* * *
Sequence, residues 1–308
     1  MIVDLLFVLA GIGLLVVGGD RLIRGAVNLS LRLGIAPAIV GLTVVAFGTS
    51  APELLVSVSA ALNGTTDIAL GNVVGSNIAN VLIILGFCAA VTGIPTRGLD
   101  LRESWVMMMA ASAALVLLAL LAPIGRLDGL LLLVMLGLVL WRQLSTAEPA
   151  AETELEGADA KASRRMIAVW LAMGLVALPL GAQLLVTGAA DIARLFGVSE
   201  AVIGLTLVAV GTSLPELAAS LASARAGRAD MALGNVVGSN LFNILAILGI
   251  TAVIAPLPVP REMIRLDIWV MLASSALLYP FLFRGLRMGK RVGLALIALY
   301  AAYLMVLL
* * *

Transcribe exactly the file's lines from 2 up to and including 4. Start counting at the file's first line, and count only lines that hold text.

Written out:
     1  MIVDLLFVLA GIGLLVVGGD RLIRGAVNLS LRLGIAPAIV GLTVVAFGTS
    51  APELLVSVSA ALNGTTDIAL GNVVGSNIAN VLIILGFCAA VTGIPTRGLD
   101  LRESWVMMMA ASAALVLLAL LAPIGRLDGL LLLVMLGLVL WRQLSTAEPA